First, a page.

The problem is that that socialism brings with it a whole host of challenges which go against this perceived reality. For example – suppression of freedom, endemic corruption, slower modernization, and more.

Take for example the Great Firewall of China. It’s a fact that many countries do carry out limited censorship activities. China however, has taken it to a whole new level and implemented a country-wide filtration system for its Internet service.

To give you an idea of how tightly the Internet is controlled in the country, we’ve compiled a massive list of all websites banned in China. Believe me, the list is (un-shockingly) long. You can also use our tool to check if any other sites might be blocked in China.

Can you imagine a life with no Youtube? Fuck that shit.

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Actual test result.

The Problem with CCTVs

From a logical point of view, the use of CCTVs is rather contradictory. While it’s true that the use of CCTVs can potentially provide law enforcement with more information, it comes at significant cost. And we’re not talking just dollars and cents.

First and foremost, the effectiveness of CCTV use hasn’t been proven to be conclusive. Let’s take some of the data and consider this:

Shenzhen in China has 400,000 cameras for 12,356,820 people, which means there are approximately 32 cameras per 1,000 pax. The city has a crime index of 33.43.

Sydney in Australia has 60,000 cameras for 4,925,987 people. That’s roughly 12 cameras per 1,000 pax. The city has a crime index of 33.45.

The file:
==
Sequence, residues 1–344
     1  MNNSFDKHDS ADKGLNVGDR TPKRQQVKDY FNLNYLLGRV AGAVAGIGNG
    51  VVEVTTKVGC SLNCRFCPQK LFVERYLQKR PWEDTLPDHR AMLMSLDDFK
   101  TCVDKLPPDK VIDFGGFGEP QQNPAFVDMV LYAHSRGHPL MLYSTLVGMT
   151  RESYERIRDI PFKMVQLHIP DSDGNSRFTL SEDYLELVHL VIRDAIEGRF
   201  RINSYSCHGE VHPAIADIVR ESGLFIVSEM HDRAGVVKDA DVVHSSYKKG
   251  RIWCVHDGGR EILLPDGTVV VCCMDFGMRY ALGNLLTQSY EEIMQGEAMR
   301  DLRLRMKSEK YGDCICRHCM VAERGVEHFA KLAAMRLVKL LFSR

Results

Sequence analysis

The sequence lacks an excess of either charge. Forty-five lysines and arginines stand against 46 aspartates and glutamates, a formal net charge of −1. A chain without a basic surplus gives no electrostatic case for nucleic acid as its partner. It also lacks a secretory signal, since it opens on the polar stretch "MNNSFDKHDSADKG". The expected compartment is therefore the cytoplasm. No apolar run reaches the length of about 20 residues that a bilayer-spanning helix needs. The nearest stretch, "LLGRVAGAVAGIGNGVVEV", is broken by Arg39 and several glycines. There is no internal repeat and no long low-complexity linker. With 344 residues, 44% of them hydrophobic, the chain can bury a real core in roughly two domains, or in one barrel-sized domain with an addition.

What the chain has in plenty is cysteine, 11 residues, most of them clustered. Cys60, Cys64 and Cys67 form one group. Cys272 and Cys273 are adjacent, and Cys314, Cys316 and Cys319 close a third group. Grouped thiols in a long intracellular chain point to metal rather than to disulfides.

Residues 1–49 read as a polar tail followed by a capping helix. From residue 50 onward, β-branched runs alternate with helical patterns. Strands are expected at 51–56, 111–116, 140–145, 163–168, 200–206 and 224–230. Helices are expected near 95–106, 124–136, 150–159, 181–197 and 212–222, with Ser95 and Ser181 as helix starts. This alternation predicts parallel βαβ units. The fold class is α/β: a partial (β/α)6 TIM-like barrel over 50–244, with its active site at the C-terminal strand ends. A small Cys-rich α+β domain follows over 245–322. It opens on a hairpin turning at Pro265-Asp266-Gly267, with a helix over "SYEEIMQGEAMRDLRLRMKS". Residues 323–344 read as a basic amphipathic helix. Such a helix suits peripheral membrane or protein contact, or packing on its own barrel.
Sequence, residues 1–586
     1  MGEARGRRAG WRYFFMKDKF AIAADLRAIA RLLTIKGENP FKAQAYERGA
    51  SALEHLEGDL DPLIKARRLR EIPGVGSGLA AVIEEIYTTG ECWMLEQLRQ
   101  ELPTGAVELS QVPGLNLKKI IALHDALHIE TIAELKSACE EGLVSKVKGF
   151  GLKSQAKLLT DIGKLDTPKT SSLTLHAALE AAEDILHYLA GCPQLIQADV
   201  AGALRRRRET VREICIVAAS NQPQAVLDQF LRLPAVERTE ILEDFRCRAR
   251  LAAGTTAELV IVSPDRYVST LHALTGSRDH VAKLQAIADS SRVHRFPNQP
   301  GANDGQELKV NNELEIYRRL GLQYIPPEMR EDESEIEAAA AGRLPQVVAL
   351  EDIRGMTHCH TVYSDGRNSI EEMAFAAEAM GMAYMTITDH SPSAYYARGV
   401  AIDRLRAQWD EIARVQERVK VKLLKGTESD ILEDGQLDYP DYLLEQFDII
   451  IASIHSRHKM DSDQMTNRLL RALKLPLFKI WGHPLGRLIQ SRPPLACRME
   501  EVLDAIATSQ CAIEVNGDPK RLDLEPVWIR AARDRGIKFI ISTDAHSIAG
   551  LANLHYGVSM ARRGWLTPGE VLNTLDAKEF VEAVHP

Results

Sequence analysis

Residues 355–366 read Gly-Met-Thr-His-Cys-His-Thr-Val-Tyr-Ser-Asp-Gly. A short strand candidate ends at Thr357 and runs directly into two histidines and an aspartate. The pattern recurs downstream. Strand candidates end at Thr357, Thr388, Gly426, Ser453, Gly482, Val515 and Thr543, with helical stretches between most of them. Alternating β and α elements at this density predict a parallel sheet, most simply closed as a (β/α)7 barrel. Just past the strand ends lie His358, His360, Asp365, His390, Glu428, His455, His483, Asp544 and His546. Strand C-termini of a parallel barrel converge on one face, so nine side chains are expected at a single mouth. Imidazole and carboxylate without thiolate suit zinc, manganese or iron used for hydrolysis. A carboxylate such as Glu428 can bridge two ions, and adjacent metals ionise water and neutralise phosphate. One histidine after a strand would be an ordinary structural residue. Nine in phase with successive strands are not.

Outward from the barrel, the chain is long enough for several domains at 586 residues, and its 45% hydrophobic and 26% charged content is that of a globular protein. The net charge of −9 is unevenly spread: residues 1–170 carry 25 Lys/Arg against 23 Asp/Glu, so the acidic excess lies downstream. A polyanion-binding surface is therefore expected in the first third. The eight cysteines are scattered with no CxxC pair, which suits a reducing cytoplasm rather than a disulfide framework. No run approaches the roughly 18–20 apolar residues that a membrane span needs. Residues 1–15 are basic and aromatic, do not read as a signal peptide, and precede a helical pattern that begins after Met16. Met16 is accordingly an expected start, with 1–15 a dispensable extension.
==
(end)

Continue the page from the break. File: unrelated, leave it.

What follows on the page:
As you can see, the large discrepancy in per-capita CCTV coverage doesn’t necessarily weigh up. Of course, there are other contributing factors as well such as the effectiveness of law enforcement and such, but we don’t really give a shit about that right now.

The bigger problem is that extensive CCTV systems put in place by governments are extremely eroding of personal privacy. Nobody in their right mind wants someone constantly being able to see them.

That’s one of the reasons why many countries have limited implementations of CCTV systems. But in places like China, the government doesn’t give a shit about what people want, since it knows best.

Conclusion

Despite its massive size, China loves CCTV and is spreading that love as far as it can go – even to Hong Kong, a special administrative region supposedly somewhat independent. We’ve already seen how that has been going.

The right to freedom is something many of us don’t usually give a shit about, until it’s too late. If you’re visiting (or god forbid, moving there for some reason), stay safe as much as you can. 

Use a VPN to protect your digital activities in China and access all the services you love from home. You’re going to need it.

TT Shane

TT Shane

TT builds the stuff that Jasonicus sells. You might call them the shit and the shovel, so to speak. Never happier than when he’s tinkering with some tech, TT has this strange talent where he makes a f*ckload of text appear on documents somewhat magically. He calls it writing.
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Translation: English | 中文